(CBS/AP) Holland's Ministry of Defense scrambled two military fighter jets to escort a Spanish passenger plane amid fears that the aircraft might have been hijacked, but the airline involved denied any trouble, saying the incident was the result of failed communications between the crew and the control tower.
The Vueling airbus from Malaga, which was reportedly carrying 183 people, flew into Schiphol without radio contact. A spokesperson at Vueling tells CBS News correspondent Monica Villamizar the control tower couldn't reach the pilots during landing, and this triggered the emergency protocol by officials at Schiphol. Vueling says they spoke to the pilot and confirmed there were no issues on board the flight, which was isolated at Schiphol.
Part of Schiphol was already evacuated Wednesday after workers unearthed a suspected World War II bomb near the airport's main terminal.
Schiphol is one of Europe's busiest aviation hubs.
Airport spokeswoman Karin Heldeweg said Schiphol's Pier C was shut down for arriving and departing flights while bomb disposal experts checked the suspected explosive and decided what to do with it.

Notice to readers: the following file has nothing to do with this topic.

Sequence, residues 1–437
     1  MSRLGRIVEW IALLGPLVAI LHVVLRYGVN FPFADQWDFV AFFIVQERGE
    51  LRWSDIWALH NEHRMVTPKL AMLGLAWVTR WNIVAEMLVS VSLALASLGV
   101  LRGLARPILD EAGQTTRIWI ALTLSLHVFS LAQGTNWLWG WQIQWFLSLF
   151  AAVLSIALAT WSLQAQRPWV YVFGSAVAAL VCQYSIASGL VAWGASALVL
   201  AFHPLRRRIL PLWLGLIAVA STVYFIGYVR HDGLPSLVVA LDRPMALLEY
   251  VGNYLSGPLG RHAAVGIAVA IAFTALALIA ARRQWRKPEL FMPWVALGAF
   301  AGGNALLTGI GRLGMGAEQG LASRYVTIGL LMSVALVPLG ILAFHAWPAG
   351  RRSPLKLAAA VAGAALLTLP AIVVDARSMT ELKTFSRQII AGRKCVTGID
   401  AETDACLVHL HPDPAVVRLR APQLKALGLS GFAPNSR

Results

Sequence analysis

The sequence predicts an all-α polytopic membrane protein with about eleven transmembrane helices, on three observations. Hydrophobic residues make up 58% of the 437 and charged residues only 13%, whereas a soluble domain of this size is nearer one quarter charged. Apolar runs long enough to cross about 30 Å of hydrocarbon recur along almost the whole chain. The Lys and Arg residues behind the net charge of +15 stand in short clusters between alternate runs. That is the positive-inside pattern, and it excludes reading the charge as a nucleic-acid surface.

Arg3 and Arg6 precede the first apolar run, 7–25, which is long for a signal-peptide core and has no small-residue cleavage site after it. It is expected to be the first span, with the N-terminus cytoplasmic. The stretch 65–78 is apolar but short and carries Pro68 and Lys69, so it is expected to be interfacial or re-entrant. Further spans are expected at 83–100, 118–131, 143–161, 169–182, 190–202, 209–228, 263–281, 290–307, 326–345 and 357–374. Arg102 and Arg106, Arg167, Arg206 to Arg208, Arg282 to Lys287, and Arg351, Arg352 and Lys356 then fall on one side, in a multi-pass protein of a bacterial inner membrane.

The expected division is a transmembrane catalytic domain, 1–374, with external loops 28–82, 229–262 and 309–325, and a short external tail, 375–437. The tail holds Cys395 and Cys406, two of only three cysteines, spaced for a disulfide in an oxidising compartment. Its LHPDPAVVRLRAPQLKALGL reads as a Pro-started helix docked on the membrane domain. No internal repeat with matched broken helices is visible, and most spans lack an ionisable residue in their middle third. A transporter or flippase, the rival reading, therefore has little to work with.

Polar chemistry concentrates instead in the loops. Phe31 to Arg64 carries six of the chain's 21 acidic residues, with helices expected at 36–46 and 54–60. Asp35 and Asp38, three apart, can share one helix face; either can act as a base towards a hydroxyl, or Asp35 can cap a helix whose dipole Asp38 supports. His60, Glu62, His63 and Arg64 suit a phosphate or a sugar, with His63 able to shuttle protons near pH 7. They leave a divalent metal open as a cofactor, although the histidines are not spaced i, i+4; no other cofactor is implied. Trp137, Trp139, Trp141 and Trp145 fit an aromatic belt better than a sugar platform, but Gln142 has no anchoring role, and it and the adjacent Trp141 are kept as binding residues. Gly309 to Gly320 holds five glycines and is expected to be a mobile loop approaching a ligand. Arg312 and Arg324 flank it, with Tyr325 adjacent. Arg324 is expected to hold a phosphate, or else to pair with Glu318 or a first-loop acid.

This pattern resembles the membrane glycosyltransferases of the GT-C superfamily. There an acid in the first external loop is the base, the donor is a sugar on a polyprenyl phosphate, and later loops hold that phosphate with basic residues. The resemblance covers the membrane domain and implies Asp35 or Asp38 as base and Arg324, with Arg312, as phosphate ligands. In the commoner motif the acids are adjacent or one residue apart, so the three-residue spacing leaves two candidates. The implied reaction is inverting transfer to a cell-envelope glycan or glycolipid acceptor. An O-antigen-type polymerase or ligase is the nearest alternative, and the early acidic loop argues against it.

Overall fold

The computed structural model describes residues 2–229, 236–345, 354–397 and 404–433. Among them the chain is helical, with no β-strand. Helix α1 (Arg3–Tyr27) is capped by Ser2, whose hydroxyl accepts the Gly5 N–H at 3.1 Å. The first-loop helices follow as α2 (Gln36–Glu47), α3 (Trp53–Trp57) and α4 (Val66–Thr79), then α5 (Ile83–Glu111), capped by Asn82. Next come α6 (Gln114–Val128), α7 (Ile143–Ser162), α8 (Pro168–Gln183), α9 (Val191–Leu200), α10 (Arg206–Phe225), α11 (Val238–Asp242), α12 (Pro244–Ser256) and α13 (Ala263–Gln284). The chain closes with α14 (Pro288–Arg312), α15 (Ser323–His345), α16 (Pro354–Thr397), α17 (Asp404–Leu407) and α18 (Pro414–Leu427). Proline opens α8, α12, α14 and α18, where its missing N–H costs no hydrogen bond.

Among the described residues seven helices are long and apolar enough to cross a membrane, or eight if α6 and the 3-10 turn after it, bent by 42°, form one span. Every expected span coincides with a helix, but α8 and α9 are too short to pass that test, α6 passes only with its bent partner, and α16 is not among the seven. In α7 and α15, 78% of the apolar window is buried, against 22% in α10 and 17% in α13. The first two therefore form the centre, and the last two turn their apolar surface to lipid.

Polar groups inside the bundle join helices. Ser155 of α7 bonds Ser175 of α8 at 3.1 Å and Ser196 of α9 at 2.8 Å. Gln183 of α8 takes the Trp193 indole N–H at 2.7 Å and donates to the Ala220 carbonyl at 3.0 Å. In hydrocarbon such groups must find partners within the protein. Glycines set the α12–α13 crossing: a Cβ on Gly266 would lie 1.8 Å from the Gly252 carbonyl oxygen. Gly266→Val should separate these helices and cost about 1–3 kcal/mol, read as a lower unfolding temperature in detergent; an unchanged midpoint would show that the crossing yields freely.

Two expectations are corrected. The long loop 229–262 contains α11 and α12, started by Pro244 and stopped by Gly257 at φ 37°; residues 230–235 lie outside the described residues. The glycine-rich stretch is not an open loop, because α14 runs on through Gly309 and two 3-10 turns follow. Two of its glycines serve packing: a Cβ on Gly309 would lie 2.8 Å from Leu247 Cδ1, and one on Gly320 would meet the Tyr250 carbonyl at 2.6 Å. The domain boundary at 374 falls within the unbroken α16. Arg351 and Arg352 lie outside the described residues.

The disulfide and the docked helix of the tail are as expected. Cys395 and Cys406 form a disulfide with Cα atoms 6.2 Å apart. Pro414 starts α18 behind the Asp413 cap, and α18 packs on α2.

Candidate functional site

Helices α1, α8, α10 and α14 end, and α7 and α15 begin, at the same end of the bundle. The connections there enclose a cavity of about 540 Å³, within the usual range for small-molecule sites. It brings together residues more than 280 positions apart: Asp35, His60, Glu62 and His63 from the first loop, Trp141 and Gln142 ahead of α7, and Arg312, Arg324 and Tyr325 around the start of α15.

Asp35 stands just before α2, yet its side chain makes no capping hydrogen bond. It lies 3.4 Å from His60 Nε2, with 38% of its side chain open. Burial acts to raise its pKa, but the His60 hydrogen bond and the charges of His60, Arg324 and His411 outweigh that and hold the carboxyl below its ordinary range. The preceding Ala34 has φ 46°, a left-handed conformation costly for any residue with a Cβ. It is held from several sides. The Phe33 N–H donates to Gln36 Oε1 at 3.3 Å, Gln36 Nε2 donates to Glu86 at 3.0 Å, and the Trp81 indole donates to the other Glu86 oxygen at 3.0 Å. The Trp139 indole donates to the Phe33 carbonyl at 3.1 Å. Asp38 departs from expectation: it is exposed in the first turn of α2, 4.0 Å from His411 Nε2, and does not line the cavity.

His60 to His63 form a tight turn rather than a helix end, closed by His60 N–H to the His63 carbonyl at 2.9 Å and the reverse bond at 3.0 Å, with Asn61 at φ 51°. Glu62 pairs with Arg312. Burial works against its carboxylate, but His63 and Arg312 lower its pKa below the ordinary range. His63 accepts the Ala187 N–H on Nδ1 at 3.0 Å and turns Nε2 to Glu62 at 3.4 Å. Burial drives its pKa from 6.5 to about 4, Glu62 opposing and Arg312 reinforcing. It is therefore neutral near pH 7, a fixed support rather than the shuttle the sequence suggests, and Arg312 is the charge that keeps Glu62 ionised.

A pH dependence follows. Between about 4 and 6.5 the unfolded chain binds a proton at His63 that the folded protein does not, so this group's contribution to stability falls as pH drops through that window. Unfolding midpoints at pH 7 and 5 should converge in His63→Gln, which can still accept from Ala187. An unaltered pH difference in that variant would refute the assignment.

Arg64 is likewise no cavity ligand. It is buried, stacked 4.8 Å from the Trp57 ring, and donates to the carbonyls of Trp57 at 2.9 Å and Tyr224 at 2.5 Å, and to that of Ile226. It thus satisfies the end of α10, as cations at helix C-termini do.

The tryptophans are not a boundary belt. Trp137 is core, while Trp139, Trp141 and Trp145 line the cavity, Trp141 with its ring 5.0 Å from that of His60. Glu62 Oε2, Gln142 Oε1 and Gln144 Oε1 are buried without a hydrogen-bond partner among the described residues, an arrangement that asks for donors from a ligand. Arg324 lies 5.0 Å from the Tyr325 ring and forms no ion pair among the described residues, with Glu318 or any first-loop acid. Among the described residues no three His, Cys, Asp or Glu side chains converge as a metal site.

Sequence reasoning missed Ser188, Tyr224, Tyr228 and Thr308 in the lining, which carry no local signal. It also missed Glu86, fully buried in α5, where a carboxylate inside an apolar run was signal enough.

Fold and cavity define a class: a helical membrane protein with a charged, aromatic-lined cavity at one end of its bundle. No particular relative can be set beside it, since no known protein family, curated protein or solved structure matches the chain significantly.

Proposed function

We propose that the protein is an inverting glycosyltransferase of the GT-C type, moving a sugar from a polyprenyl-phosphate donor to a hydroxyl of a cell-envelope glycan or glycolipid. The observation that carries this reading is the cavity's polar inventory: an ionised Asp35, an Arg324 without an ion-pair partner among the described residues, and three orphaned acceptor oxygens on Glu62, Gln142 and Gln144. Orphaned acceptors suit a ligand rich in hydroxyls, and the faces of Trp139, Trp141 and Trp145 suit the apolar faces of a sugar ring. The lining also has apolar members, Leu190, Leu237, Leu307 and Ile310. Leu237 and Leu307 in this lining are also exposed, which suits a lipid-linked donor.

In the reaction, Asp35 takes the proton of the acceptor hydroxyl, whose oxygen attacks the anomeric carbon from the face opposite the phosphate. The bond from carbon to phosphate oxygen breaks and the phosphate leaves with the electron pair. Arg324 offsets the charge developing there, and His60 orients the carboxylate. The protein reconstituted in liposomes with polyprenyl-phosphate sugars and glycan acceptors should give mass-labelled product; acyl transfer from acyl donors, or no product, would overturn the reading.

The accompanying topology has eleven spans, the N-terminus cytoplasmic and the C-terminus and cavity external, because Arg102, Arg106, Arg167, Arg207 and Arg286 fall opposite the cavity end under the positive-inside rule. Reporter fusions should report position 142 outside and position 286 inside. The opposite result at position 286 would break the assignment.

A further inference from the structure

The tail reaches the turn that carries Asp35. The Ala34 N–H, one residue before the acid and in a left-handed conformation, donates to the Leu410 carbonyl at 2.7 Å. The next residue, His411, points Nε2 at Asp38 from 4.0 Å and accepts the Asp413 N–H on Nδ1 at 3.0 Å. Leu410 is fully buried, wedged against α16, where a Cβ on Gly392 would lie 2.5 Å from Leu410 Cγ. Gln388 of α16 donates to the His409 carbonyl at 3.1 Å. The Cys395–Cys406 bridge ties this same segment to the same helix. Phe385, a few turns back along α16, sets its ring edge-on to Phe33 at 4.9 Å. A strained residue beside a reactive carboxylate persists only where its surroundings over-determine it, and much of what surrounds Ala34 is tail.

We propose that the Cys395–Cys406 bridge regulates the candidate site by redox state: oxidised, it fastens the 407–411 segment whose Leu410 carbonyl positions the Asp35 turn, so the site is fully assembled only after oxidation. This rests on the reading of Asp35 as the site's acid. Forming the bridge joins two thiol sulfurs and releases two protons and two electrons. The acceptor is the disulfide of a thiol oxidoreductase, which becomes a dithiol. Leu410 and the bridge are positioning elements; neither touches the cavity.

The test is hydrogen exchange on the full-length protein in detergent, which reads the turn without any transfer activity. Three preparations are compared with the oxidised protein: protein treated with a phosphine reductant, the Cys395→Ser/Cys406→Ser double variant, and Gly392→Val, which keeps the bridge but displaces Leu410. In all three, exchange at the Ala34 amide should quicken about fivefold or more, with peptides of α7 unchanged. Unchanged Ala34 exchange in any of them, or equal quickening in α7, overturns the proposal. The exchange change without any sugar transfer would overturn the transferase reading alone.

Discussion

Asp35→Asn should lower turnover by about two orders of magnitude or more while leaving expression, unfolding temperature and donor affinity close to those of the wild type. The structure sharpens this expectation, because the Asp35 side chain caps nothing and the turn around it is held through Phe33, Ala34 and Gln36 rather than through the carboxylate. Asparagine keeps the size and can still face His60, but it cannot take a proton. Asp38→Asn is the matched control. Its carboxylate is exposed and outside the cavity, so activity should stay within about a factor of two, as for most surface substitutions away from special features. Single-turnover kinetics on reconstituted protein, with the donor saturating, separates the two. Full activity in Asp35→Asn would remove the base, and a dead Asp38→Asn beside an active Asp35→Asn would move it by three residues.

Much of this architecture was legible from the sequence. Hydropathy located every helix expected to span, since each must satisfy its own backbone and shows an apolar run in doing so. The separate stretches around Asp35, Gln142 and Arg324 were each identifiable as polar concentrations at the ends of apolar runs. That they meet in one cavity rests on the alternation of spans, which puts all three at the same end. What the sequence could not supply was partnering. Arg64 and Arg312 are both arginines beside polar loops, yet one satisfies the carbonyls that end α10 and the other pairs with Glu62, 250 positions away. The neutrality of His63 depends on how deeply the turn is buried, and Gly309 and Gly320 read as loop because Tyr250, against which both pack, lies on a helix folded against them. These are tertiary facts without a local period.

The airport warned passengers that the pier's closure could lead to delays and cancellations. Around noon (1000 GMT), Schiphol's website showed many flights to and from the airport delayed and departures to destinations including Glasgow, Scotland, Gothenburg, Sweden, and Frankfurt, Germany, cancelled.
The suspected bomb was uncovered early Wednesday by workers digging trenches near the pier to lay pipes. The pier houses many of Schiphol's departure and arrival gates.
Nazi forces who occupied the Netherlands in WWII took over Schiphol and used it as a base for Luftwaffe aircraft. It was repeatedly bombed by Allied air forces.
The scare at Schiphol came a day after a World War II bomb was detonated in the German city of Munich, sparking fires in several nearby buildings that had been evacuated after the bomb was discovered Monday.